The works' environmental scale, its existence in public space, and its interactive structure are a few marks of Alessandrini's work.
In 1995, with Art In The Park, Alessandrini took advantage of her studies on natural phenomena such as light, shadows, and reflections and used them to provide an ordinary natural background and relative darkness for an outdoor site-specific video installation. The project won her a NIAUSI fellowship and the design was presented in a lecture format at the Seattle Art Museum in 1966.
In Winter, Season Of Light (2000), Alessandrini designed and built a virtual landscape that stretched 700 feet long and 100 feet high built of panels, light, and water to reveal the absent life and the physical void left behind after the demolition of a section of downtown Tacoma.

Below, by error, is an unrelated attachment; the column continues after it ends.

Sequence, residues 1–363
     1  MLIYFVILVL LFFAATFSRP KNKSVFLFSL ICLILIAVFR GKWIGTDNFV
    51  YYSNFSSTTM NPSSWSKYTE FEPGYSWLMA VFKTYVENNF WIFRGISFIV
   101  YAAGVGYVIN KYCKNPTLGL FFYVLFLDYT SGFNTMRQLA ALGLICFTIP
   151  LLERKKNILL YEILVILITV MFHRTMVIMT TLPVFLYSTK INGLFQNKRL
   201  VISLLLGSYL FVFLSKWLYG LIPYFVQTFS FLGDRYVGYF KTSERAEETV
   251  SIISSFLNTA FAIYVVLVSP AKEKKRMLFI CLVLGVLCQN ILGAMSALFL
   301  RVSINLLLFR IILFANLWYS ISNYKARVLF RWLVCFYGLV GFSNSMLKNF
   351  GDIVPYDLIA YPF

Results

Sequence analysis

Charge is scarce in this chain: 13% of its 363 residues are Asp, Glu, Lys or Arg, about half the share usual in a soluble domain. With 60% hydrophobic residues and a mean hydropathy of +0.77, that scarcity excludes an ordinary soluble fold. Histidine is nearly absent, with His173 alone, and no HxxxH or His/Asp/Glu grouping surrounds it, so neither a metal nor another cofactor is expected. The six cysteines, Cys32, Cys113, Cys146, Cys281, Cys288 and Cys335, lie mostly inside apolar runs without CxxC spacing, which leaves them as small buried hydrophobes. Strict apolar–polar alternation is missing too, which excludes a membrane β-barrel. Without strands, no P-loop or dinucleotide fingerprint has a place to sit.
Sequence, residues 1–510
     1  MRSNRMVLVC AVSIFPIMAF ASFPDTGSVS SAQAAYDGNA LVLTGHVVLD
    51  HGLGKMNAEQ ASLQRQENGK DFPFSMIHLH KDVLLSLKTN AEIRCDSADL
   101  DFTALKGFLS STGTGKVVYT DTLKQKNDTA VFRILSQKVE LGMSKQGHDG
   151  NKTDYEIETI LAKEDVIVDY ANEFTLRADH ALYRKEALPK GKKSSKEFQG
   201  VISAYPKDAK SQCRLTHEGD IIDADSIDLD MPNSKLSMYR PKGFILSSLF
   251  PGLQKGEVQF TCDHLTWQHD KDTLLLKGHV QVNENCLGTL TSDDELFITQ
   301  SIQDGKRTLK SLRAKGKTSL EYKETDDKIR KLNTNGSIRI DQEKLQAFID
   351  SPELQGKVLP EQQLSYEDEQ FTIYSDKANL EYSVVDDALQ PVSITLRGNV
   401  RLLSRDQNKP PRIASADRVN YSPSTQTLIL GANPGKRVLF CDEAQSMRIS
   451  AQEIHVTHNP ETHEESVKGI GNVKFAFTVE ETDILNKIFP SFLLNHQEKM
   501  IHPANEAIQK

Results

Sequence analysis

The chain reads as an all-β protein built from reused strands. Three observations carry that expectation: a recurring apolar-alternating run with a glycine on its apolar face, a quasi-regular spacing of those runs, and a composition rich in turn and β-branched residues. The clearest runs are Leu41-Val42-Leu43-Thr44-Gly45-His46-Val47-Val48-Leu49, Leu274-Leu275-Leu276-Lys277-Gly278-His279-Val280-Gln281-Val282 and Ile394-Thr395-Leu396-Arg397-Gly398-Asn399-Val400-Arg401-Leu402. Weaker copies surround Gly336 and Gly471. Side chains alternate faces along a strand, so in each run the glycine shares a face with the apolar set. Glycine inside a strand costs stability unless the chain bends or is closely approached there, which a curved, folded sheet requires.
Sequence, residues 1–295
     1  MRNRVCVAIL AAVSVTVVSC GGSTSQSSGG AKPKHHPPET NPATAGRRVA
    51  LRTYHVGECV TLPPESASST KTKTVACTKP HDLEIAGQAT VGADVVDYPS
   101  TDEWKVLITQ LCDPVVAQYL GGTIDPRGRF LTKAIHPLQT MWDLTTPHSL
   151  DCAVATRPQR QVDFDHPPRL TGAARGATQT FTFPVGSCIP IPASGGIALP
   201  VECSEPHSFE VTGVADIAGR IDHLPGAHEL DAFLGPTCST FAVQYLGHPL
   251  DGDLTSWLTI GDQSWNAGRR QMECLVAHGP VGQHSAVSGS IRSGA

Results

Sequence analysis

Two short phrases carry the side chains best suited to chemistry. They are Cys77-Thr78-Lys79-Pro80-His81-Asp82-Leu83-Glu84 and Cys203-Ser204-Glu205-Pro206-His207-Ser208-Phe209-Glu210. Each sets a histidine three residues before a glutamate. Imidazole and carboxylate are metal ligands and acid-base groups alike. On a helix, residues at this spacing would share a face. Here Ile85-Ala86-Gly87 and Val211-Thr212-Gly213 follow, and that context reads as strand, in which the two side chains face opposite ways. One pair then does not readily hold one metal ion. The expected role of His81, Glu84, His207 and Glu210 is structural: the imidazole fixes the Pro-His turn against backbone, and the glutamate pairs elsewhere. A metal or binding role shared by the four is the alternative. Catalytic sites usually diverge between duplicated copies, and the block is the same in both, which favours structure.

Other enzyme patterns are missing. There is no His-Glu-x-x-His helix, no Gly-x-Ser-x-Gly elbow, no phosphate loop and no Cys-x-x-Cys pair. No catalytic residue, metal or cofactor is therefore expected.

In Seattle, she also designed and built Aqua Pura Vista (2000), a light, video, and sound installation that occupied an early 20th century water tower in Capitol Hill. Natural sunlight and shadows cast patterns on the installation, already a digital representation of the surrounding nature and architecture of the tower.